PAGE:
Enhancing Our Nation's Economic Strength 

For the National Oceanic and Atmospheric Administration, promoting economic vitality is not a slogan. It has been a way of life for nearly 200 years.

As the largest agency in the U.S. Department of Commerce, NOAA plays a vital role in supporting and enhancing our nation’s economic growth. In fact, NOAA’s products and services touch more than one-third of the U.S. Gross Domestic Product. Shippers delivering goods through our nation’s ports, energy companies making key resource decisions, and travel and tourism businesses are just a few of the organizations that rely on NOAA’s products and services to make sound business decisions and promote economic vitality.

NOAA’s roots are planted in America’s oldest scientific agency: the Survey of the Coast, created in 1807 by President Thomas Jefferson to provide nautical charts to the American maritime community for safe passage into American ports and navigating our nation’s waterways. This early agency laid the groundwork for a legacy of products and services that preserve and enhance our nation’s economic strength.

Commerce & Transportation

container ship.
Container ship.

High resolution (Credit: NOAA)

A key component of the U.S. transportation system, which supports our nation’s economy, is the Marine Transportation System — a network of navigable waterways, ports, and the hubs that link to rail, air, road, and pipeline systems. It is the world’s most extensive system for moving cargo and people safely and reliably. It also gives American businesses competitive access to suppliers and markets worldwide, making the U.S. the world’s leading maritime trading nation.

More than 78 percent of U.S. overseas trade by volume and 38 percent by value comes and goes by ship, including nine million barrels of imported oil daily. Waterborne cargo alone contributes more than $742 billion to the U.S. Gross Domestic Product and creates employment for more than 13 million citizens. NOAA provides critical information for safe, efficient, and environmentally sound transportation.

aurora australis.
Aurora australis.

High resolution (Credit: NOAA)

Weather & Climate

Weather and climate sensitive industries, both directly and indirectly, account for about one-third of the nation’s Gross Domestic Product ($4 trillion in 2005 dollars), ranging from finance, insurance, and real estate to services, retail and wholesale trade, and manufacturing.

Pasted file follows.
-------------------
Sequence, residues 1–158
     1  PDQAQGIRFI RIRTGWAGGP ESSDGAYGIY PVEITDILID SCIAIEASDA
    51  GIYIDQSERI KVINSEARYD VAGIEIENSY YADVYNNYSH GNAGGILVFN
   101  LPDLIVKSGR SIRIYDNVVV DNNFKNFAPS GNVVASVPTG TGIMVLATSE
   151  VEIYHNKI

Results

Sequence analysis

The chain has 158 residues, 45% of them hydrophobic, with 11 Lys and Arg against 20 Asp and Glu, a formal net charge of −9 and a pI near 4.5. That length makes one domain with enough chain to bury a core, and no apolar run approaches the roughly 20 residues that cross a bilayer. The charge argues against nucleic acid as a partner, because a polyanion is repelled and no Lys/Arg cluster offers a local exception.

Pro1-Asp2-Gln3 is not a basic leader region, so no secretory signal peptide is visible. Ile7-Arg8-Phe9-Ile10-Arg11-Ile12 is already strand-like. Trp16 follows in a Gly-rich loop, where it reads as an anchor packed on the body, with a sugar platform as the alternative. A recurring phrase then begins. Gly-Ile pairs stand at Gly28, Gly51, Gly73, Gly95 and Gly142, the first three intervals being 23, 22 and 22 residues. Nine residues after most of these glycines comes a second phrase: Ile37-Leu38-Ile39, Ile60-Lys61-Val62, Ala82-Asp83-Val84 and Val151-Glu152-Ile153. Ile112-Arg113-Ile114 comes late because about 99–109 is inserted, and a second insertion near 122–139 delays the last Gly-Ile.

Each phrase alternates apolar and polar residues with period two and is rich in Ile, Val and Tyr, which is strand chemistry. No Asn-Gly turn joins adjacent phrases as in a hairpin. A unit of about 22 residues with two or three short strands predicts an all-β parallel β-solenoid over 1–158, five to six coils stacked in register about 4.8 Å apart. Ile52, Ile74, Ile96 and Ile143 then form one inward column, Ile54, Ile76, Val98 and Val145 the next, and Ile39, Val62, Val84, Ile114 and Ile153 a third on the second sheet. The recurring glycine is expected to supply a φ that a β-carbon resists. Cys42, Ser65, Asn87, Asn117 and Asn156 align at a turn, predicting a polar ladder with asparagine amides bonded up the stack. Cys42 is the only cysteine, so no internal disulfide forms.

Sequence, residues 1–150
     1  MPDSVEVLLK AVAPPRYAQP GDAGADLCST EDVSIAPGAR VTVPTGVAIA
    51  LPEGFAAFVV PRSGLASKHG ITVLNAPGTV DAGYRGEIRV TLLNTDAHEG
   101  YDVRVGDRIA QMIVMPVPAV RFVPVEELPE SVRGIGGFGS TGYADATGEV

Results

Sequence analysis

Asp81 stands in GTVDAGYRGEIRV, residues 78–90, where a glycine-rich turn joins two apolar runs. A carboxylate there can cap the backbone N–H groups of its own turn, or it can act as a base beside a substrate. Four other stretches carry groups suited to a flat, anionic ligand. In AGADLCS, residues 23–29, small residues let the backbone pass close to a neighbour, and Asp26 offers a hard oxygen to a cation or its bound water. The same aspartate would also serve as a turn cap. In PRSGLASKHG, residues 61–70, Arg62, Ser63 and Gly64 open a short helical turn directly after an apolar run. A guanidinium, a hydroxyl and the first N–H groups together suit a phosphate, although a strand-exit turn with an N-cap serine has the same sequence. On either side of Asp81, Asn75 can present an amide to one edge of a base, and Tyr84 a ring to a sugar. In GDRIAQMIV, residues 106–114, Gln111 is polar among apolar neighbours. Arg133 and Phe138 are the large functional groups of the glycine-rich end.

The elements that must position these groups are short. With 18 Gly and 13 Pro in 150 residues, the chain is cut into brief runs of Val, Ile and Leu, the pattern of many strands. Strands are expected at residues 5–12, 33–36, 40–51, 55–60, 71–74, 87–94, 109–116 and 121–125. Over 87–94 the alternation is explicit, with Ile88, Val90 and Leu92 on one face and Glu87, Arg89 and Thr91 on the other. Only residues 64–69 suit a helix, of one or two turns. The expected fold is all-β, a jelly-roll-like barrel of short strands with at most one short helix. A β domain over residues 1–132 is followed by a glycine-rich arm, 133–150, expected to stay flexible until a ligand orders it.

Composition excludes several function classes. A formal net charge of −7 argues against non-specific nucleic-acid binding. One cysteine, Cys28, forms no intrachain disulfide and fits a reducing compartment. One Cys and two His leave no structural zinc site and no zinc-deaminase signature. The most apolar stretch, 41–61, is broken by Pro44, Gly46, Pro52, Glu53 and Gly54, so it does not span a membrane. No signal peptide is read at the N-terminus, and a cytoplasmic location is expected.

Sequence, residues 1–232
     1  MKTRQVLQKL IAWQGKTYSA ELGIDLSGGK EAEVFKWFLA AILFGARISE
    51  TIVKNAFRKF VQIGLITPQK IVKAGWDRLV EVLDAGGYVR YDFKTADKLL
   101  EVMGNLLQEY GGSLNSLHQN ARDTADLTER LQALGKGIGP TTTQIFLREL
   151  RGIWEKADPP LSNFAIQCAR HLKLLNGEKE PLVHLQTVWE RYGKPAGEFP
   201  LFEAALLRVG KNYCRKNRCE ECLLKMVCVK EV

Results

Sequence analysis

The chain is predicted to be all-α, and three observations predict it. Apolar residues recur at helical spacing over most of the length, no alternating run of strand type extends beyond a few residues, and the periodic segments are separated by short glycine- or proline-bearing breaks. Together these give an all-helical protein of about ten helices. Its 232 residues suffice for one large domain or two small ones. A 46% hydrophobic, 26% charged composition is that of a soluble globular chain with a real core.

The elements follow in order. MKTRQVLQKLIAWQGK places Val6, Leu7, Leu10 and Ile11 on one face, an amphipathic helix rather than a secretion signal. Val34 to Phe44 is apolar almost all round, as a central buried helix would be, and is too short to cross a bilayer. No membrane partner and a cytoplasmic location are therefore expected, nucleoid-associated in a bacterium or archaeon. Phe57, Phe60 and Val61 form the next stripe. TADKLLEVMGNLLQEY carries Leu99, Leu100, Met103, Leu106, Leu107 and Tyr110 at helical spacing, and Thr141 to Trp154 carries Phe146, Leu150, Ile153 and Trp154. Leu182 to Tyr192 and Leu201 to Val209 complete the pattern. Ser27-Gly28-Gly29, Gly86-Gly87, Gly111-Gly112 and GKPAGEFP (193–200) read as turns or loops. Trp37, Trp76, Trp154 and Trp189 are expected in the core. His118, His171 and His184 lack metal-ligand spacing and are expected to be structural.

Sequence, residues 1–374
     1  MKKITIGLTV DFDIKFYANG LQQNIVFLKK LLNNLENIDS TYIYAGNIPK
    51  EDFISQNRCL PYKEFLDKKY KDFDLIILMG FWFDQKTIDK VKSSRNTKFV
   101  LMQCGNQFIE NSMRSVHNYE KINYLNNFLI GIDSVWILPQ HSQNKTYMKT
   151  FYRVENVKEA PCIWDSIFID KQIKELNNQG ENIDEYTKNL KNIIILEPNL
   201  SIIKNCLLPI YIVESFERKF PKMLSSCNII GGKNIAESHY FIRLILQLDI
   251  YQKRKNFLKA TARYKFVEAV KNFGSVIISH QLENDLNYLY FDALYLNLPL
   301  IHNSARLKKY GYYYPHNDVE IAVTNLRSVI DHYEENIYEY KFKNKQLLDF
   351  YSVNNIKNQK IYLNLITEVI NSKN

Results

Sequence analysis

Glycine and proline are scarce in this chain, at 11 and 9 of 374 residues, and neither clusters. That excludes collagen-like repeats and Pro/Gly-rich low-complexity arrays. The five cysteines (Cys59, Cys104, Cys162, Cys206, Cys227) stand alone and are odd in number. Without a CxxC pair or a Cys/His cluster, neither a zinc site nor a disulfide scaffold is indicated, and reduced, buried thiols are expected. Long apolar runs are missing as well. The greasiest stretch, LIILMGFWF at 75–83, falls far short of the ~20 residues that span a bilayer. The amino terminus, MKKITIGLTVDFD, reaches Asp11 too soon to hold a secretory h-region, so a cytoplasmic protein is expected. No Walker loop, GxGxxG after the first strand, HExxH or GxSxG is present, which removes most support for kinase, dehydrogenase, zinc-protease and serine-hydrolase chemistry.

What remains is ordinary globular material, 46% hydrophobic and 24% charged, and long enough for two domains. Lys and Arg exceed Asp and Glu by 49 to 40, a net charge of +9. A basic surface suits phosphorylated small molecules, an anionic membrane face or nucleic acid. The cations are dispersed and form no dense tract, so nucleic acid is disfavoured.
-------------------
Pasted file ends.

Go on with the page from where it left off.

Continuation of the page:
NOAA provides weather and water data for analyses, predictions, and warnings for a range of conditions, including those relating to water supply, air quality, space weather and other natural hazards. Businesses, governments, and non-governmental organizations rely on these data to improve operational efficiencies, save money, and manage environmental resources.


key biscayne florida.
Key Biscayne, Florida.

High resolution (Credit: NOAA)

Billions of dollars in recreational and commercial activity depend on healthy coastal, ocean, and freshwater environments. In 2006, nearly 110 million trips were made by U.S. households to the beach. And those households spent an average of $850 per trip. California’s coastal industries alone contribute more than $17 billion and 370,000 jobs to the state’s economy. But pressures on these systems are increasing and in some cases have already caused severe effects such as fishery closures, harmful algal blooms, and degradation to coastal ecosystems. NOAA’s careful monitoring of this fragile ecosystem improves our understanding of these resources and helps ensure their continued prosperity.

As part of our efforts to promote environmental excellence as well as economic prosperity, NOAA’s dedicated scientists use cutting-edge research and high-tech instrumentation to provide citizens, planners, emergency officials, and other decision makers with reliable information they need when they need it. And the quality of these efforts is a critical determinant of our nation’s economic stability and of its success in a world of financial globalization.

To learn more, click on NOAA’s Economic Statistics for the latest report on NOAA’s effect on the economy. NOAA logo.